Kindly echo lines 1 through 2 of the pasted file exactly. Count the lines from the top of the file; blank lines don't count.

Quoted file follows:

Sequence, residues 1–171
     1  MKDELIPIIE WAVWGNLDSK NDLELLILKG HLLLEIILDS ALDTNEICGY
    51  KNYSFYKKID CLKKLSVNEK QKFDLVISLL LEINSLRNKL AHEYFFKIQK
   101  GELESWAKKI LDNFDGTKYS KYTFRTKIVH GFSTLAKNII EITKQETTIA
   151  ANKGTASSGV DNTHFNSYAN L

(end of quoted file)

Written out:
Sequence, residues 1–171
     1  MKDELIPIIE WAVWGNLDSK NDLELLILKG HLLLEIILDS ALDTNEICGY